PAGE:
‘Count of Darkness' — A great writer's least-read work

Dan Crawford


H

e was in a slump. People weren't buying, critics weren't applauding, publishers had become a good deal less pleasant. The phrase "has-been" was whispered. His private life, if not a perfect shambles, was tending that way.

What he needed, more than anything, was work. He was a writer: writing gave his life form and meaning. Something to write, something to rekindle old fires: he needed that. After all, he could still write — when he felt like it.

What could make him feel like it? His good old stuff was just that: old stuff. The world had moved on; other writers had moved with it. Something different was called for; he worked through dreary days and long nights trying to think of what that might be, even writing a jaunty article about projects he had started and abandoned.

At last, he decided that if what he was writing was old hat, an older hat would do the trick. Historical fiction could be as popular as Captain Blood, as literary as Kristin Lavransdatter. He'd been to college; he could do research. Somewhere in old books he would find new avenues for what he did best. Once he picked out the right era, he would find ideas which would revive his interest in writing, and thus in life.

So it was that F. Scott Fitzgerald, smarting from the lack of approval for Tender Is the Night, set to work on "The Count of Darkness," stories of a young hero in 9th Century France. In the lives and loves of people 1,000 years before his own time, Fitzgerald would find the answer to his problem.

And here one would like to write "he lived happily ever after." If there is a happy ending to this phase of Fitzgerald's career, however, it is that he set aside Phillippe, Count of Darkness for other projects, which formed a more fitting finish to his career. He did enjoy the research; perhaps it helped hold back his personal darkness for a while. But the verdict of critics then and now is that "The Count of Darkness" represents one of the biggest wastes of time on the part of any major American writer in history.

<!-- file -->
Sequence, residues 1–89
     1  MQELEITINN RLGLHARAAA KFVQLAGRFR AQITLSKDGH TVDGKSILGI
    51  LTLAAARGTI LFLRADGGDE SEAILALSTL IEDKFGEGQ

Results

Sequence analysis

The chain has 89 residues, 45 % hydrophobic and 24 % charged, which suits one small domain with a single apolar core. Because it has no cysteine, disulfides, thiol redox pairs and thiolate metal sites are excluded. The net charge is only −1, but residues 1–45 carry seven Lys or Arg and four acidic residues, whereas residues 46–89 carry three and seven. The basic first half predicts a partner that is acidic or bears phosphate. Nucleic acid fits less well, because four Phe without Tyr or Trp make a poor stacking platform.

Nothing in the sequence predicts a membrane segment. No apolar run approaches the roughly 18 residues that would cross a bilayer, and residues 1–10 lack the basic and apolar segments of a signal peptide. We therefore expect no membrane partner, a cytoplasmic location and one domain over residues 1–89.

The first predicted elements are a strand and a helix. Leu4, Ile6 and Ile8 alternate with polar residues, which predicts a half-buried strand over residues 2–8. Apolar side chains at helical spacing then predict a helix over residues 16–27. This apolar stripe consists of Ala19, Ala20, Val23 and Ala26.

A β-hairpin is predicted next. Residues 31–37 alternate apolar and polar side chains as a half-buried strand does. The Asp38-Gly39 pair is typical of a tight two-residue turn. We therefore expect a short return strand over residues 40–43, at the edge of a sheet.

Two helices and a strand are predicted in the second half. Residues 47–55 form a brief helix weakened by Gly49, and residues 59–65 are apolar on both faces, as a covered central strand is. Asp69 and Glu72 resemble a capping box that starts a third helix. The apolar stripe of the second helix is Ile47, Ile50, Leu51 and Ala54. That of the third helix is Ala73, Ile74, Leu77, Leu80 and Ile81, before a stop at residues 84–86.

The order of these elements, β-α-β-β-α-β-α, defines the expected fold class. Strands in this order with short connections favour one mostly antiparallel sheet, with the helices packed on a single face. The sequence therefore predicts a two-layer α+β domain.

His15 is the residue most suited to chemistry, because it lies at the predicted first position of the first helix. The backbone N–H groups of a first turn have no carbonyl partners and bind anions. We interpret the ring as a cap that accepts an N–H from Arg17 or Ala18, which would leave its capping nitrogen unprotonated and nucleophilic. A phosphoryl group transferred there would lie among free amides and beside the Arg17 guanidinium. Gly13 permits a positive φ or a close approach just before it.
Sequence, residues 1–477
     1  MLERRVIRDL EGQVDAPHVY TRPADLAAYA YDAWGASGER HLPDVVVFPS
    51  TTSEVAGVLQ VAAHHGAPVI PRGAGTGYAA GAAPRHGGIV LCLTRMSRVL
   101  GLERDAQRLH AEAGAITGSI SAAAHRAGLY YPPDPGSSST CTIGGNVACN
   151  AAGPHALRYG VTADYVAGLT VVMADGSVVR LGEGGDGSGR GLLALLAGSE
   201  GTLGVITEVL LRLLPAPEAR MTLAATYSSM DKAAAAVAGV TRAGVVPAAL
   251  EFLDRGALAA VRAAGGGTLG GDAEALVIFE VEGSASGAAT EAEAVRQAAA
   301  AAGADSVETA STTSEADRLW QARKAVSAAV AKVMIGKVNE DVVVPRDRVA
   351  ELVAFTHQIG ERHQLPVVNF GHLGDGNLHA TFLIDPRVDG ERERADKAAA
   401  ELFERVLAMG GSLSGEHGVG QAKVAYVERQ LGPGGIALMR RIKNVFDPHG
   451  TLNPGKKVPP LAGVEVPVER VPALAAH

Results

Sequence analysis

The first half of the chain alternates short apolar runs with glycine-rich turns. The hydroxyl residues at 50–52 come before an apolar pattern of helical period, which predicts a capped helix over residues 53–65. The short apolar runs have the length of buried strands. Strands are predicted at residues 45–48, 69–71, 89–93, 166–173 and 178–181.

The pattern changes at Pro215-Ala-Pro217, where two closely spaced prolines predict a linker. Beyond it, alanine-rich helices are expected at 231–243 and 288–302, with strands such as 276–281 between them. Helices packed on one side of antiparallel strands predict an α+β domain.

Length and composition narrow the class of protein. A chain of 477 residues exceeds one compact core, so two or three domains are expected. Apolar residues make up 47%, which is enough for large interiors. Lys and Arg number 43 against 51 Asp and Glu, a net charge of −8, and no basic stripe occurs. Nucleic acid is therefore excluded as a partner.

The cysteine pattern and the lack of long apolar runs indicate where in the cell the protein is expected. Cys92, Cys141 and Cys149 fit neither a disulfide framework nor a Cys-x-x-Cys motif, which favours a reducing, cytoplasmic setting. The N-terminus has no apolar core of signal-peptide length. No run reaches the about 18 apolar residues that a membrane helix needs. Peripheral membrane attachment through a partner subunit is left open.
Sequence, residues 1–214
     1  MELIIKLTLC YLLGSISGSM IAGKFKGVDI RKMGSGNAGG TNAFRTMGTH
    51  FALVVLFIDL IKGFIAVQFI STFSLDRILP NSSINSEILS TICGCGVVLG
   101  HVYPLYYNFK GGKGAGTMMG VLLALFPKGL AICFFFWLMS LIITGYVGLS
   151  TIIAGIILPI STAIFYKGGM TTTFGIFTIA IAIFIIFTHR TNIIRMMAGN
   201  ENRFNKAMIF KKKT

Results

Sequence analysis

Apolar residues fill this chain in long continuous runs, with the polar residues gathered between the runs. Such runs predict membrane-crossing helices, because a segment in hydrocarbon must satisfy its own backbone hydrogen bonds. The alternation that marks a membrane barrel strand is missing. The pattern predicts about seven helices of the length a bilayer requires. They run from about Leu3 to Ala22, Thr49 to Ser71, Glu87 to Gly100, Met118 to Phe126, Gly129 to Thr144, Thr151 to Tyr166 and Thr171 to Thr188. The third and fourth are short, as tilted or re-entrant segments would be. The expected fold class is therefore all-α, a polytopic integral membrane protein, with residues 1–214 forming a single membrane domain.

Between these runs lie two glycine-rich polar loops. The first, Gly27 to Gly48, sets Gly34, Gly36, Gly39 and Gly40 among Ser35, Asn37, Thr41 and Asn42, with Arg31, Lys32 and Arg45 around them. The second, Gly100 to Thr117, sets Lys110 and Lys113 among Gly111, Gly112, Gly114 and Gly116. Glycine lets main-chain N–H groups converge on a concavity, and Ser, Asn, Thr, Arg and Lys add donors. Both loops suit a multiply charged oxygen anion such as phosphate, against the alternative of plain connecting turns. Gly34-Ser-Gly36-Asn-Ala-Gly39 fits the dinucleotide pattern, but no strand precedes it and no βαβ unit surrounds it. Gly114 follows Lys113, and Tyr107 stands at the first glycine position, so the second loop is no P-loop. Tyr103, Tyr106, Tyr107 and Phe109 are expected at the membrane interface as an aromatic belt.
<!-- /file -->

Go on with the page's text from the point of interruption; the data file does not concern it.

The epic is quickly summarized. A 9th Century French nobleman was killed during a raid on his home by the Moors. His family — a wife and small son — fell into the hands of the Muslim foe, but they were well treated in captivity, the widow eventually making a new life for herself. Her son, Phillippe, dreamt of one day inheriting his father's grand manor and beautiful estate. Eventually, the young man sets off for his homeland, seeking his fortune in the best tradition of folk tales.

He finds his father's manor to be a pile of rubble, and the lands around it desolate. France has been laid waste in the declining days of Charlemagne's dynasty. If Phillippe wishes to be a Count, he will have to fight for every inch of territory, enlisting the peasantry, exploiting suspicion and superstition, and becoming a bigger bully than any of his rivals.

Fitzgerald's plan was to write eight short stories about Phillippe's world, which would give him the material to merge into a continuous narrative, to be published as a novel. His enthusiasm flared; he wrote his legendary editor, Maxwell Perkins, that three novels might be necessary to cover the story. No, he wrote later, it would take nine books to follow Phillippe from young manhood to old age in the stronger France of the new Capetian monarchs.